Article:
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Elon Musk sues OpenAI over founding principles


Billionaire multi-company leader Elon Musk, a co-founder turned exited rival of OpenAI, has filed a lawsuit against his fellow co-founders, OpenAI CEO Sam Altman and Chairman Greg Brockman, over pursuing artificial general intelligence (AGI) with the sole mission of generating profits for Microsoft – which the suit claims is a breach of the company’s original founding agreement.

In the lawsuit filed at the San Francisco Superior Court, Musk alleged that when he started the research lab with Altman and Brockman they all agreed to develop AGI — a form of AI that outperform humans at most economically valuable work — for the benefit of humanity, making its technology available freely through open source licenses.

However, after Musk’s departure a few years later, the lawsuit alleges that OpenAI took a complete U-turn from its original mission and started working with Microsoft, essentially becoming its closed-source de-facto subsidiary developing and refining AGI for profits rather than the benefit of humanity.

OpenAI’s breach of founding agreement

Musk, who has been vocal about the risks of advanced AI, alleges in the lawsuit that Altman shared the same concerns as him back in 2015. In fact, the current OpenAI CEO wrote that the development of superhuman machine intelligence (SMI) is probably the greatest threat to the continued existence of humanity. 

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“There are other threats that I think are more certain to happen…but are unlikely to destroy every human in the universe in the way that SMI could,” Altman wrote, according to the lawsuit. 

Owing to these concerns and Google’s closed pursuit of AGI for its own profits, the duo and Brockman teamed up to launch OpenAI as a counterbalance that would develop advanced AI for the benefit of humanity.

The original founding agreement for the research lab aimed to build AI systems as a non-profit and open-source the technology at every step of the way to eliminate safety considerations and ensure transparency.

According to the lawsuit, OpenAI adhered to the agreement for a few years, including when it launched the GPT-3 model. The lab shared a detailed paper describing the internal specifics and the training data for GPT-3. However, things started going off track in 2020 when it partnered with Microsoft, exclusively licensing GPT-3 to the technology giant. 

In 2023, the lawsuit alleges, the founding agreement was set aflame when OpenAI released GPT-4, a model that was better at reasoning than average humans, without sharing anything about it with the public. The company has repeatedly cited safety as the reason for not detailing the internal design but Musk has alleged that this secrecy has been maintained mainly because of commercial considerations.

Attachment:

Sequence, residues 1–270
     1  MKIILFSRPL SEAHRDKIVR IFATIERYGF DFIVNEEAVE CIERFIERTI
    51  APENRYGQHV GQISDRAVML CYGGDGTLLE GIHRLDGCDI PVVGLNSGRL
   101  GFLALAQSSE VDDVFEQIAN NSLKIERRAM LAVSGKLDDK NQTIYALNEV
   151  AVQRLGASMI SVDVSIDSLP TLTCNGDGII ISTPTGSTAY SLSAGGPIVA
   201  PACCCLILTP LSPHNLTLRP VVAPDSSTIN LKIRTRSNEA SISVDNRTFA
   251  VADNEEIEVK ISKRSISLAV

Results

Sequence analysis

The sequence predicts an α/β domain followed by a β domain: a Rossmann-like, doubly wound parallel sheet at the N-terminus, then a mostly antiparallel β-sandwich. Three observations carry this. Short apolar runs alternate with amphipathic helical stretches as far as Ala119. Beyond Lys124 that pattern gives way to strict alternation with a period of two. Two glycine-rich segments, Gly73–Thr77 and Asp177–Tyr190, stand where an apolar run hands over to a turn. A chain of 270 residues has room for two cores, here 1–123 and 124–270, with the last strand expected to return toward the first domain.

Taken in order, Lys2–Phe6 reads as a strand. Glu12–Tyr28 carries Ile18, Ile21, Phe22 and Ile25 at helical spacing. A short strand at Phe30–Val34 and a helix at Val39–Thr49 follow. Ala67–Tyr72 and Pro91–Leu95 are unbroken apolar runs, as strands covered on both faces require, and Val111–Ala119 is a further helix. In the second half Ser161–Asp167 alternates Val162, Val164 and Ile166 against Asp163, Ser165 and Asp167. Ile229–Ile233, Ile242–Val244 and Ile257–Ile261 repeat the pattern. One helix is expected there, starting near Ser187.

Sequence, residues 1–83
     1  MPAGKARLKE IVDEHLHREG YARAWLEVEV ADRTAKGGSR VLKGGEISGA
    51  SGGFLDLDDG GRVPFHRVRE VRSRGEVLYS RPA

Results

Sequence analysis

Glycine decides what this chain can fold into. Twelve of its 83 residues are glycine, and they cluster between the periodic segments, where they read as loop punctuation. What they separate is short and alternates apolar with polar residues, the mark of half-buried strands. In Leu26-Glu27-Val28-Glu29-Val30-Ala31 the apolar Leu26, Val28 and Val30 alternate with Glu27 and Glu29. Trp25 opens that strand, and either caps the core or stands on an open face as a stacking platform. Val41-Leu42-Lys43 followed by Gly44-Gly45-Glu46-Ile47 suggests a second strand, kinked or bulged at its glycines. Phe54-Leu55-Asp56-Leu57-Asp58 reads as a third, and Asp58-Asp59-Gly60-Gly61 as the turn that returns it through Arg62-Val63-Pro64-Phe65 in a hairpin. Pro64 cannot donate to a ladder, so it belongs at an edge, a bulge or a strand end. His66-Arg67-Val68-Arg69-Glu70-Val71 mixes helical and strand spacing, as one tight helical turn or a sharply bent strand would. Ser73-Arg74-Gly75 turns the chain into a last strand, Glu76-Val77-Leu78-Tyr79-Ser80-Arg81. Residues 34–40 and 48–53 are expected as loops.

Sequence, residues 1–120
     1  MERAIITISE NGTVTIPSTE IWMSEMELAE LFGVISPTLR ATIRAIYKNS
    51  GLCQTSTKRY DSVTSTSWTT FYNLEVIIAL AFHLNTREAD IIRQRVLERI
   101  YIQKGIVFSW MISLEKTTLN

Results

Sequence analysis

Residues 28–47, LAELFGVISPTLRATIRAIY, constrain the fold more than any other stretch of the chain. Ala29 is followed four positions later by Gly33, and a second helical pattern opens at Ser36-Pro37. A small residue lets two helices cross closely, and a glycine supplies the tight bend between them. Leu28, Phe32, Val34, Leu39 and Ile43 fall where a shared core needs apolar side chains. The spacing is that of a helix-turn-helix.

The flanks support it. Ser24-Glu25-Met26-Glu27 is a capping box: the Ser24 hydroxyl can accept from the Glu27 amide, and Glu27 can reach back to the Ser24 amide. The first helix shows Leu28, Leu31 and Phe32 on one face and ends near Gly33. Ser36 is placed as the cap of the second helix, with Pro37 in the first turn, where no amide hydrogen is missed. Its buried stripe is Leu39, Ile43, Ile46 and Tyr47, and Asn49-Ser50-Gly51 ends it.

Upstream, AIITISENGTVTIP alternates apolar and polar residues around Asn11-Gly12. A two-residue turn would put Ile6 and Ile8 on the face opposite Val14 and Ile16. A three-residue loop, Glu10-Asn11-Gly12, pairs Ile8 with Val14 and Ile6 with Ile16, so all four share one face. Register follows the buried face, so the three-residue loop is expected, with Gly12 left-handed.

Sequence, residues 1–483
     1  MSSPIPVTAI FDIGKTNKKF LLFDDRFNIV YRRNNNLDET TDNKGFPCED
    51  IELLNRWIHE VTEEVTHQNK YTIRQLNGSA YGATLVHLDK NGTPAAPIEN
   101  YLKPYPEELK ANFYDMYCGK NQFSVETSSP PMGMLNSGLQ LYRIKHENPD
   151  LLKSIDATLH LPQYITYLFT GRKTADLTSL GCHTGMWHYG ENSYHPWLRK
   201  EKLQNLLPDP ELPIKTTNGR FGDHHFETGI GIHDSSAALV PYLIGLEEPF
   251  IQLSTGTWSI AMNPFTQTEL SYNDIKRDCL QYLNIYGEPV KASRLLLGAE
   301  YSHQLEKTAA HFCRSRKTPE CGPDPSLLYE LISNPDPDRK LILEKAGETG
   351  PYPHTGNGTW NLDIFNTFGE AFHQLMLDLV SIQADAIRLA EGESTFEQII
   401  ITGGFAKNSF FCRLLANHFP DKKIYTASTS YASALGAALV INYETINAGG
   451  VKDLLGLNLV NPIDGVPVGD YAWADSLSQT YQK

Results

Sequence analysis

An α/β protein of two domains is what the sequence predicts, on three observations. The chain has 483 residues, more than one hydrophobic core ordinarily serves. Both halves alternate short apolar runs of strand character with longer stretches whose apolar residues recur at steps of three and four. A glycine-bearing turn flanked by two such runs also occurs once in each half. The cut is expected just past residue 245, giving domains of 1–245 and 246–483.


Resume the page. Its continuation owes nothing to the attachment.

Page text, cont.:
More importantly, the billionaire alleged that GPT-4, which has been described as an early version of AGI by Microsoft’s own researchers, has been integrated with the paid Office suite, going beyond the scope of the 2020 deal that covered GPT-3.

As this happened, the lawsuit notes, the board of OpenAI, which reserved the right to determine when AGI (a product officially outside the scope of Microsoft’s license) was achieved, fired Altman in November 2023 for not consistently being candid and losing confidence in his ability to lead the lab. However, owing to Microsoft’s significant investment in OpenAI and leverage, the CEO was reinstated and a majority of OpenAI board members were forced to resign. The new board members appointed after those events now lack the expertise to make an independent determination of whether and when OpenAI has attained AGI, the lawsuit noted.

As a result, Musk has alleged that OpenAI has essentially become a closed-source de-facto subsidiary of Microsoft, providing its early-AGI system and refining it further to maximize the profits of the technology major. He further notes that the company is also developing Q* which holds an even stronger claim to AGI.

What exactly does Musk want?

With this lawsuit, Musk wants to compel OpenAI to adhere to the original founding agreement and circle back to the mission of actually developing AGI for the benefit of humanity, rather than profits. 

While this is the first legal step from Musk against OpenAI’s purported change of tactics, it is definitely not the first time the billionaire has called out the research lab. On multiple occasions in the past, he has spoken about OpenAI being under the control of Microsoft – “a ruthless corporate monopoly” and that the company was given its name for its open, non-profit approach, which is no longer the case.

Notably, owing to these concerns and the belief that he may be the only one to bring safe, ethical AI into the world, Musk has also launched his own AI venture called xAI. The company claims it’s pursuing maximum truth-seeking AI that tries to understand the nature of the universe and has already released its own chat assistant called Grok. 

“I think this might be the best path to safety in the sense that an AI that cares about understanding the universe is unlikely to annihilate humans because we are an interesting part of the universe,” he said in an interview with Fox News in April.

xAI is still playing catchup with OpenAI but has roped in AI experts from the Altman-led organization as well as DeepMind, Google Research, Microsoft Research, Tesla and the University of Toronto. 

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